Life’s a walk in the dark for this group of Christians who spend their off-hours hunting for answers to unexplained mysteries

By PATTI SELLS | News-Telegram Feature Writer

Oct 31, 2007 - Ghouls and ghosts are sure to abound this All Hallows' Eve as youngsters visit haunted houses and walk through gloomy cemeteries, but for Ghost Hunters of Sulphur Springs Texas (GHOSST), a walk in the dark is something they do on a regular basis.

Staff Photo by Patti Sells

Ghost Hunters of Sulphur Springs Texas (GHOSST) is the name of this local group of paranormal investigators who frequent Hopkins County cemeteries. Left to right are B.A. Knight, and Joshua and Christie Wilkes, three of the group’s five members.

Equipped with infrared thermometers, motion detectors, digital cameras, voice activated tape recorders and electromagnetic frequency equipment, the group gathers monthly to explore possible explanations in areas associated with being haunted.

�Primarily we investigate local cemeteries, until we get to the capacity where we can look into residential hauntings,� GHOSST founder Joshua Wilkes said of himself and the group�s five members.

Wilkes said he has always had an interest in the paranormal, but it took a movie to motivate him enough to actually form a group. It was the 2005 motion picture "White Noise," a film based on the real-life phenomenon known as EVP (electronic voice phenomena) that stirred him into action.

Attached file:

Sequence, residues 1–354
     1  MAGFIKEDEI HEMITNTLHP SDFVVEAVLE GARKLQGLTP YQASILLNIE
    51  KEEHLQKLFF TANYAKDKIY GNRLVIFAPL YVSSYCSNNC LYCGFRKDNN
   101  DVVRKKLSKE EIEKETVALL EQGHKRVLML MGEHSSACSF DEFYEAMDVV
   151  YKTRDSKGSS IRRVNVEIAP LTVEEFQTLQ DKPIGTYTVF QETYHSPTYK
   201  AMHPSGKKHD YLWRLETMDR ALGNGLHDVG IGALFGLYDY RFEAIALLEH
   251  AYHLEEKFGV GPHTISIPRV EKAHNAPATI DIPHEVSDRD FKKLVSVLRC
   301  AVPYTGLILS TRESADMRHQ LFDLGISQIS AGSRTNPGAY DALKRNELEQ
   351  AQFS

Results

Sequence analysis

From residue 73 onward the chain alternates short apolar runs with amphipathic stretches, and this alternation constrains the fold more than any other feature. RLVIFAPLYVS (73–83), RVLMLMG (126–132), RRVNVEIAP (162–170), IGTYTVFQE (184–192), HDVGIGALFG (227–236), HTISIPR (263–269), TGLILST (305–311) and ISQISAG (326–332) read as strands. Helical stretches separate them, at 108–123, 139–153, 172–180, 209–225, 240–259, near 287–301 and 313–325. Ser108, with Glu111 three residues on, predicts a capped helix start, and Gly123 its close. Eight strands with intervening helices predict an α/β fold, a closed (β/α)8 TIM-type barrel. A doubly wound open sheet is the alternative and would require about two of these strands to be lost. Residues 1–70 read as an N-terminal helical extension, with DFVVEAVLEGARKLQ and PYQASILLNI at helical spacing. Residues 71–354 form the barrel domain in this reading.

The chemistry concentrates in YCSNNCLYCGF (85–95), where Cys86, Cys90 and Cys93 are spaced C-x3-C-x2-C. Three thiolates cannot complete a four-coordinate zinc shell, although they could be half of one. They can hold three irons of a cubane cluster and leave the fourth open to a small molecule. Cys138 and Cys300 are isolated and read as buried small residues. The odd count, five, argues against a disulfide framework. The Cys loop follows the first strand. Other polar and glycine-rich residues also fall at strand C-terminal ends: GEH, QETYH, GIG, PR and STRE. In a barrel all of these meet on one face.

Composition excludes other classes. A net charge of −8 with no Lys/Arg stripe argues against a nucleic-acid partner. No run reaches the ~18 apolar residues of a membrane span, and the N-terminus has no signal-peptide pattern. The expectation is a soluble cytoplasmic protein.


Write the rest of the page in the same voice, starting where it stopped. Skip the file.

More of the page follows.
�I thought, �Why not give it a try?�� recalled Wilkes, who then shared the idea with his wife, Christie, and a few close friends who now make up the group.

In the past two years, Wilkes has educated himself through countless hours of research and reading, as well as investing lots of money into equipment that has helped the group accumulate documentation, pictures and EVP recordings — not to mention ghost stories and eerie experiences not likely to be forgotten.

On one occasion the group gathered at Pleasant Grove Cemetery about four miles west of Sulphur Springs to make recordings and take photos and various readings.

�There were just three of us that night,� recalled Wilkes. �We were in a tri-circle talking amongst ourselves, and I was randomly flashing photos, when a cold chill passed through all of us. We looked at each other and we knew without saying a word. We could just tell by the look on each other's faces.�

According to Wilkes, he quickly snapped a few more pictures and the group left. Upon his return home, he started reviewing his pictures and recordings when he discovered a voice of a little girl on his tape recorder.

�You can hear it clear as a bell. She says �I�m OK, Daddy,�� claims Wilkes. �And what is also peculiar is the photos during that time sequence. I had taken a photo at the beginning of the night, before the cold chill, towards the front gate. You could clearly see our car taillights and license plate. After the chill, I shot a picture in the same direction, the same distance, and the taillights and plate are fuzzy. I can only assume it�s possibly the ghost of this little girl.�